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Art School | Apr 25, 2014

Animated Abstraction with Jodie Mack

Jodie Mack creates stop motion animation using everyday objects and a vintage Bolex camera.   

NPR Film | Apr 11, 2014

'Vivian Maier' Brings Nanny-Photographer's Life Into Focus

In 2007, filmmaker John Maloof bought thousands of undeveloped negatives at an auction. Now, he and Charlie Siskel present Finding Vivian Maier, a film about the reclusive woman behind the photos. By Ella Taylor   

NPR Film | Apr 11, 2014

On 'Draft Day,' A Coach Faces His Own Big Game

Like the glitz of the day itself, Draft Day tries to win over audiences with big names, the power of the NFL and tons of money. But as football fans know, these elements don't always mean a win. By Ian Buckwalter   

Movies | Apr 09, 2014

In Human Rights Watch Film Festival, a Tender and Triumphant Spirit

San Francisco's Human Rights Watch Film Festival is a small documentary showcase featuring six films from the flagship festivals in New York and London. But as limited as the selection may be, the content is expansive, traveling the globe and covering issues as varied as women's rights, poverty, marriage equality and a failed judicial system. By Liz Mak   

Movies | Apr 07, 2014

California Films: Sweet Sweetback's Baadasssss Song

Melvin Van Peebles' 1971 film introduced the blaxploitation genre by vigorously challenging film history and form. By Jon Brooks   

Movies | Apr 02, 2014

Midseason Form: 5 to Watch

Themed film bashes and international masters prime the palate for April's big dog, the S.F. International Film Festival. By Michael Fox   

Festival Report | Apr 01, 2014

SFIFF Unveils Lineup, Race for Tough Tickets Is On

Our guide to the hot tickets at this year's San Francisco International Film Festival, which announced its lineup today. By Michael Fox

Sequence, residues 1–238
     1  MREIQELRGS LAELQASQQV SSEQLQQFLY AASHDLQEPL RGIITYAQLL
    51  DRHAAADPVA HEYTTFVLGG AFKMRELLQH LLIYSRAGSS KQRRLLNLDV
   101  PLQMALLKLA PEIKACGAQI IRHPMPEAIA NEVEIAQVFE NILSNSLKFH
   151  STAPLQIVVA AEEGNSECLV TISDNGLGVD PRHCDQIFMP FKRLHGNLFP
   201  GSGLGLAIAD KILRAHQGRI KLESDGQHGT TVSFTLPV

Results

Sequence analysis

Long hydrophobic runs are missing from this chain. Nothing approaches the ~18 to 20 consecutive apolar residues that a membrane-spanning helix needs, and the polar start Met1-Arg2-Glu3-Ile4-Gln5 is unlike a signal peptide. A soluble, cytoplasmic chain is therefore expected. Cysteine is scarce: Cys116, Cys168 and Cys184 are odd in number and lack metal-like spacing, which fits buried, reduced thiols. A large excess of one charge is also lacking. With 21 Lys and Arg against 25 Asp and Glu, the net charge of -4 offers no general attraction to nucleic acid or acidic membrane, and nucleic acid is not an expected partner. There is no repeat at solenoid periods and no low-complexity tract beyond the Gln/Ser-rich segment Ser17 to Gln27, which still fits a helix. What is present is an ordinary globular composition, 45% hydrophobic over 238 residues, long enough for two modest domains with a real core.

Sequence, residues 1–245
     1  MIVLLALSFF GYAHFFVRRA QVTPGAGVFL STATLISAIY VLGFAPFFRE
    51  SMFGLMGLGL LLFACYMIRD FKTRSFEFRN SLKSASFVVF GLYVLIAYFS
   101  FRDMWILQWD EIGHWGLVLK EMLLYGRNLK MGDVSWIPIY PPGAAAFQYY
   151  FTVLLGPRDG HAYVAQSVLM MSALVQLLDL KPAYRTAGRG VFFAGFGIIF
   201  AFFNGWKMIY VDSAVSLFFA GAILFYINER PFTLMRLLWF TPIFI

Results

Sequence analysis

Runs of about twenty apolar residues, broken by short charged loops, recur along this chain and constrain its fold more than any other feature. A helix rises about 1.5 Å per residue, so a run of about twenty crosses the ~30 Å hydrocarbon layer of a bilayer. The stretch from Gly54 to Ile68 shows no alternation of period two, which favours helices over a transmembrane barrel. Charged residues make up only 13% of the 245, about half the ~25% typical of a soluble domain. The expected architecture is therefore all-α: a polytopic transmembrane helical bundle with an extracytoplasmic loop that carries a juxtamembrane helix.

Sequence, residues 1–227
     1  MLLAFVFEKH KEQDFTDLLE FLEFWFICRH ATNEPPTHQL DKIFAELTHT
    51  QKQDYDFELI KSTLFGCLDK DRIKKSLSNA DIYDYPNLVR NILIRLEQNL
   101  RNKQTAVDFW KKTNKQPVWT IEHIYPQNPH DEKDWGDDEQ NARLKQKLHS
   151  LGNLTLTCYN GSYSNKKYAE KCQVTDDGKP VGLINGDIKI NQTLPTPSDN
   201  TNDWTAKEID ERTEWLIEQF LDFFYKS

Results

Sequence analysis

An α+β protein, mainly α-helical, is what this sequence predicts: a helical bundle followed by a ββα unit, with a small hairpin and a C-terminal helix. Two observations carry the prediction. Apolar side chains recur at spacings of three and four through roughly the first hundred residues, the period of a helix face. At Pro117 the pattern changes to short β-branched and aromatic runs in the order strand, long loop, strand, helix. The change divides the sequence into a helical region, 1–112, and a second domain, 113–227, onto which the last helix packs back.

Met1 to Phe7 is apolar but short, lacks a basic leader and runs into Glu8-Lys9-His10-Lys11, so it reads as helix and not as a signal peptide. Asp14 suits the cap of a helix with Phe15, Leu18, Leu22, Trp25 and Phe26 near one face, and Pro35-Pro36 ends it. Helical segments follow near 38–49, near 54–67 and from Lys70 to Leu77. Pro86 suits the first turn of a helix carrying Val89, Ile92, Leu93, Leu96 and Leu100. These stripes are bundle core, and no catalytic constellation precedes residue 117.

NPR Film | Mar 28, 2014

For Actor Michael Peña, A Transformative Role As Cesar Chavez

The new film Cesar Chavez tells the story of the civil rights leader who fought to secure a living wage and better working conditions for farm workers. Michael Peña talks about playing the lead role. By Tell Me More Staff   

NPR Film | Mar 28, 2014

'Jodorowsky's Dune': The Greatest Film That Never Was

Director Frank Pavich tells the story of cult director Alejandro Jodorowsky's attempt to adapt Frank Herbert's novel Dune into what might have been the trippiest movie of the '70s. By Ian Buckwalter   

Movies | Mar 23, 2014

California Films: The Times of Harvey Milk

The Times of Harvey Milk is a fascinating and enormously moving look at a man and a movement, and at an important era in both San Francisco and LGBT history. By Jon Brooks   

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Movies : NPR
  • Actor Kirk Douglas Turns 100

    The actor — who played a boxer, a hard-bitten detective, a cynical reporter, Doc Holliday, Vincent Van Gogh and a French colonel — turned 100. NPR's Scott Simon looks back on Kirk Douglas' career.

  • 'Land Of Mine': Explosively Understated

    Denmark's Oscar nominee for Best Foreign Language film is Land of Mine, a movie about German boys disarming landmines left behind after World War II.

  • Showbiz Dreams Collide With Reality In 'La La Land'

    Damien Chazelle's latest film is a modern take on classic 1930s musicals. It's the story of a musician and a frustrated actress, learning to reconcile their dreams with the reality of Hollywood life.

  • Fantastically Stylized 'La La Land' Is A Musical Tour-De-Force

    A jazz keyboardist and an aspiring actress fall in love in Damien Chazelle's new romantic musical. Critic David Edelstein says La La Land features thrilling chemistry and magical music numbers.

Also on KQED.org this week ...

Taos Pueblo
American Indian Heritage Month

In November, KQED proudly celebrates the diversity of our community with a special American Indian Heritage Month programming lineup on KQED Public Television.

Film School Shorts: Sequin Raze
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